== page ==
City in the Heavens: The Ancient Clifftop Settlement of Sigiriya Is One of the World’s Most Fascinating Archaeological Sites

This UNESCO World Heritage Site is regarded as the 8th wonder of the ancient world, and that’s by no means a coincidence.

Sigiriya is one of the most fascinating and mysterious archaeological sites in the world. Located in central Sri Lanka, it consists of the ruins of an ancient city that was built on top of a massive rock pillar, rising about 180 meters above the surrounding jungle. The city was founded by King Kashyapa I, who ruled from 477 to 495 CE, after he usurped the throne from his father and killed him.

Kashyapa chose this site as his new capital, and constructed a magnificent palace on the summit of the rock, as well as elaborate gardens, water features, fortifications, and frescoes on the rock walls. He also had a huge lion’s head carved at the entrance to the palace, giving the name Sigiriya, which means “Lion Rock” in Sinhala.

City in the Heavens: The Ancient Clifftop Settlement of Sigiriya Is One of the World's Most Fascinating Archaeological SitesThe lion’s paws welcome guests to the final stairs taking you to the top of Sigiriya. There was a sculpted lion’s head above the legs and paws flanking the entrance, but the head collapsed years ago. Image credit: Ryan Kartzke

However, Kashyapa’s reign was short-lived, as he was defeated by his half-brother Moggallana, the rightful heir to the throne, who returned from exile in India with an army. Kashyapa died in battle, and his city was abandoned soon after. The palace was converted into a Buddhist monastery, which lasted until the 14th century, when it was also deserted.

Sigiriya remained forgotten for centuries, until it was rediscovered by British explorers in the 19th century. Since then, it has been excavated and restored by archaeologists, and declared a UNESCO World Heritage Site in 1982.

City in the Heavens: The Ancient Clifftop Settlement of Sigiriya Is One of the World's Most Fascinating Archaeological Sites

Sigiriya is a remarkable example of ancient urban planning, engineering, art, and architecture. The rock itself is a natural wonder, formed by volcanic activity millions of years ago. The city was designed to harmonize with the natural landscape, and to create a symbolic representation of the cosmic order.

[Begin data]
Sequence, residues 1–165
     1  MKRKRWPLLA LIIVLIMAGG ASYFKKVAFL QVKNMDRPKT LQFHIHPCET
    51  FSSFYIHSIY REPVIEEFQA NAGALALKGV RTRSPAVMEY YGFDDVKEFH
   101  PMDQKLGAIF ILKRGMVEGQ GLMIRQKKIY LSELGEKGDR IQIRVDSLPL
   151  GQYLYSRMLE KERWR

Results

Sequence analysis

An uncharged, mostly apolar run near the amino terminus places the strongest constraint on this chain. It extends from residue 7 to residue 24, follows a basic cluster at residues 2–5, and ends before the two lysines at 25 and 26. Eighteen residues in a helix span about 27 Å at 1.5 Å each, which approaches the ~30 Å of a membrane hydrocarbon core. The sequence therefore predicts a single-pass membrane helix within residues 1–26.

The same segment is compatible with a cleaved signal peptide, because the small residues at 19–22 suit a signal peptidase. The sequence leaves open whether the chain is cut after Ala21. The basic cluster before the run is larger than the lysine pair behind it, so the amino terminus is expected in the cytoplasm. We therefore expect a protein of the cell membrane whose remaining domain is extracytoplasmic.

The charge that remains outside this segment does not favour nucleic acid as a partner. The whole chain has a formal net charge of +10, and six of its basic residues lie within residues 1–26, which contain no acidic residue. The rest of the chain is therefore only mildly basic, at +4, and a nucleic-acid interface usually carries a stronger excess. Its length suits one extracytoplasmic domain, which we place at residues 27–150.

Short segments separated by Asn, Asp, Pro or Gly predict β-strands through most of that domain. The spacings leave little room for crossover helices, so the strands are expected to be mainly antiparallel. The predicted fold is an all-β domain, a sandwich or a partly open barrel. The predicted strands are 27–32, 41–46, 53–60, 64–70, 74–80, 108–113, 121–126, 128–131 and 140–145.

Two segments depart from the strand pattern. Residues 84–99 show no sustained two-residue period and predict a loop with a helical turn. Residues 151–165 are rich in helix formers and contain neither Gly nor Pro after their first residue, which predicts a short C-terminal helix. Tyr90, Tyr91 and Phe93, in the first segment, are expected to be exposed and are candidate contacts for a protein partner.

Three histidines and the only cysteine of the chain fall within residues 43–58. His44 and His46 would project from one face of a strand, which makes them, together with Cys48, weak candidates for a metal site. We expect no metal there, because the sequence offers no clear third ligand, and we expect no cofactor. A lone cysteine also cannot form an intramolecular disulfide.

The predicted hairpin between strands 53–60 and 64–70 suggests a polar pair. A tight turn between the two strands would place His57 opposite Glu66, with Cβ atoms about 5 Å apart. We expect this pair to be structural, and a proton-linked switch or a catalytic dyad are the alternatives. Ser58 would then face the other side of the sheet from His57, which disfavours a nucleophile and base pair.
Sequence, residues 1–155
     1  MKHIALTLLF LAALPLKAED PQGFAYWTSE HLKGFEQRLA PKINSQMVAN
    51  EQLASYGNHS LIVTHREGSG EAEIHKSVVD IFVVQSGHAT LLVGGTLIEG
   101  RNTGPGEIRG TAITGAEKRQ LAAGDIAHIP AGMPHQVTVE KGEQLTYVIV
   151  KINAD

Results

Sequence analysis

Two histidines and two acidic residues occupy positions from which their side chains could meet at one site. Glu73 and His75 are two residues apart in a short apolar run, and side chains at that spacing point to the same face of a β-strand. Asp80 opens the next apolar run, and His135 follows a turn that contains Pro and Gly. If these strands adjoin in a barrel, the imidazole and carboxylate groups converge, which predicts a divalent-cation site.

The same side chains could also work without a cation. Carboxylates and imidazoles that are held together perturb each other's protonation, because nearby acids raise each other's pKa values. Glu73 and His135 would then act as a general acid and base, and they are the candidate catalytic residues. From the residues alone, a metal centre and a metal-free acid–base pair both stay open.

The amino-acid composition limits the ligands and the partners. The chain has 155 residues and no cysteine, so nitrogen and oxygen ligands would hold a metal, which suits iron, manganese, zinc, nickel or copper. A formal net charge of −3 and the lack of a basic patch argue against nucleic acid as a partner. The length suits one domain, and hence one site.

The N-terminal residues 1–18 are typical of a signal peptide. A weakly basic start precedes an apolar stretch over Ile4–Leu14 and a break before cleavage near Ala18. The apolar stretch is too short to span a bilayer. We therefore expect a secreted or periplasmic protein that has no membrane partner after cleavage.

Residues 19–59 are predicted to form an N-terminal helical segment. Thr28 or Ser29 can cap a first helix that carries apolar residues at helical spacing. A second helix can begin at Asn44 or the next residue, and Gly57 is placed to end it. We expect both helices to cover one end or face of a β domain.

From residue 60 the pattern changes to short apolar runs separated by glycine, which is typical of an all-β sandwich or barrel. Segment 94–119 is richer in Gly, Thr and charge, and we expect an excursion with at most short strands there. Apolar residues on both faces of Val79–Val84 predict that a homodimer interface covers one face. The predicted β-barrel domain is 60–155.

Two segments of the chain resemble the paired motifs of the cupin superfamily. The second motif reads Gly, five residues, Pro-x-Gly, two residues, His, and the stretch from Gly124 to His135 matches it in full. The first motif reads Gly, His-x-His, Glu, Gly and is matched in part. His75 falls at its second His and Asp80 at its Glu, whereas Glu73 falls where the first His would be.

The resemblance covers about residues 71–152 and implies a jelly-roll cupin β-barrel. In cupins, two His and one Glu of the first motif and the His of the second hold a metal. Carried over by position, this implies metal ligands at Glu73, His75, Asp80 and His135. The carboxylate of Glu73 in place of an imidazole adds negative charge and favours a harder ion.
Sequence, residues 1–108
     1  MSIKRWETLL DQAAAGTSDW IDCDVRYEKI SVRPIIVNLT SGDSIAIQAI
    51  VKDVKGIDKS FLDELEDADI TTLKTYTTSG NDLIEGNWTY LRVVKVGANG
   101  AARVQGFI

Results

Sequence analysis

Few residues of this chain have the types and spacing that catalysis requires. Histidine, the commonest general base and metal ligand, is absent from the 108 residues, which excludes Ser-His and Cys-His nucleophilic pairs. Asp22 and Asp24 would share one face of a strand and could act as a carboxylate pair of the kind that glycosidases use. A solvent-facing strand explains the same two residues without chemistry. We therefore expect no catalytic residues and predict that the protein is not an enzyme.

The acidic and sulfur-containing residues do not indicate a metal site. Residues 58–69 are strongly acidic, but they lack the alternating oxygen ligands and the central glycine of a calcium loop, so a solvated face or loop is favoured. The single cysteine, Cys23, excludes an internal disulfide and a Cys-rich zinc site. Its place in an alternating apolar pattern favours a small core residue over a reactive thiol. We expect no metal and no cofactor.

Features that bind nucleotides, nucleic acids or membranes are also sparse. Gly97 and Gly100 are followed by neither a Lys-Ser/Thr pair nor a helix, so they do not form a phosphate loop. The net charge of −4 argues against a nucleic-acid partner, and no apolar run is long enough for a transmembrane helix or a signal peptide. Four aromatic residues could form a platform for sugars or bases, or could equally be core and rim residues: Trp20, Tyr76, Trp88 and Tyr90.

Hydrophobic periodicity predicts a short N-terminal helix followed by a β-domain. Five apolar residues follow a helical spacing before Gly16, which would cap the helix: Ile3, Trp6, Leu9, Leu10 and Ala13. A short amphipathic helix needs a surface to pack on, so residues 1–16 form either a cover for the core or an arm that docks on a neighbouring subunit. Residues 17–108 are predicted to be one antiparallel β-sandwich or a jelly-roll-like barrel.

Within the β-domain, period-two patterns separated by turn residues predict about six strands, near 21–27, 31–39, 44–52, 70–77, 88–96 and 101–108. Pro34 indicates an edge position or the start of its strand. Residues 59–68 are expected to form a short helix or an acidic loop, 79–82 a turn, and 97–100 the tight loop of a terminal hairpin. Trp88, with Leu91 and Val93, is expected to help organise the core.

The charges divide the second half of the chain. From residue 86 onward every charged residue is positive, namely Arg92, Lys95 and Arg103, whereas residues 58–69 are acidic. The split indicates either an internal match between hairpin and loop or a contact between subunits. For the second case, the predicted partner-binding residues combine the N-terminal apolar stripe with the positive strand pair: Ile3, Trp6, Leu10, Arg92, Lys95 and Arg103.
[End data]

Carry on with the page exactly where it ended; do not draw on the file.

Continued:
The rock was divided into three levels: the lower level consisted of a moat and a wall that encircled the base of the rock, as well as terraced gardens that were irrigated by an advanced hydraulic system; the middle level consisted of a series of galleries and staircases that led to the upper level, as well as caves that served as dwellings for monks and ascetics; and the upper level consisted of the palace complex, which included a throne room, audience hall, bathing pools, and royal chambers.

City in the Heavens: The Ancient Clifftop Settlement of Sigiriya Is One of the World's Most Fascinating Archaeological SitesSigiriya garden complex as seen from the top of the Sigiriya rock. Image credit: Chamal NCity in the Heavens: The Ancient Clifftop Settlement of Sigiriya Is One of the World's Most Fascinating Archaeological SitesA pool in the garden complex. Image credit: Shoka

One of the most striking features of Sigiriya are the frescoes that adorn the western face of the rock. These paintings depict beautiful female figures, who are believed to be either celestial nymphs or royal consorts of Kashyapa. The frescoes are executed in a style that is unique to Sri Lanka, combining elements of Indian and Persian influences.

The paintings are remarkable for their vibrant colors, graceful poses, and exquisite details. Only about 20 frescoes survive today, out of an estimated 500 that originally covered an area of 1400 square meters.

Another remarkable feature of Sigiriya is the Mirror Wall, which runs along the western side of the rock. This wall was originally covered with a highly polished white plaster, which reflected the sunlight and created a mirror-like effect.

Originally this wall was so reflective that the king could see himself as he walked alongside it.

The wall also contains hundreds of graffiti inscriptions, dating from the 6th to the 14th centuries. These inscriptions are written in Sinhala script, and express various sentiments of admiration, love, humor, and criticism by visitors who came to see the frescoes.

The inscriptions provide valuable insights into the social and cultural history of Sri Lanka during this period. Individuals from various backgrounds, ranging from poets and provincial governors to housewives, engaged in inscribing on walls. Even bhikkhus were not an exception; they composed poems on a range of topics, including love, irony, and diverse personal experiences. This stands as the sole surviving testament of poetry during the Anuradhapura period.

Sigiriya is a site that inspires awe and wonder in anyone who visits it. It is a testament to the vision and ambition of Kashyapa, who created a city that rivaled any other in his time.

It is also a testament to the skill and creativity of the ancient Sri Lankans, who transformed a natural rock into a masterpiece of art and architecture.

Sigiriya is a site that challenges us to unravel its secrets and mysteries, and to appreciate its beauty and splendor.

Sources: 1, 2, 3, 4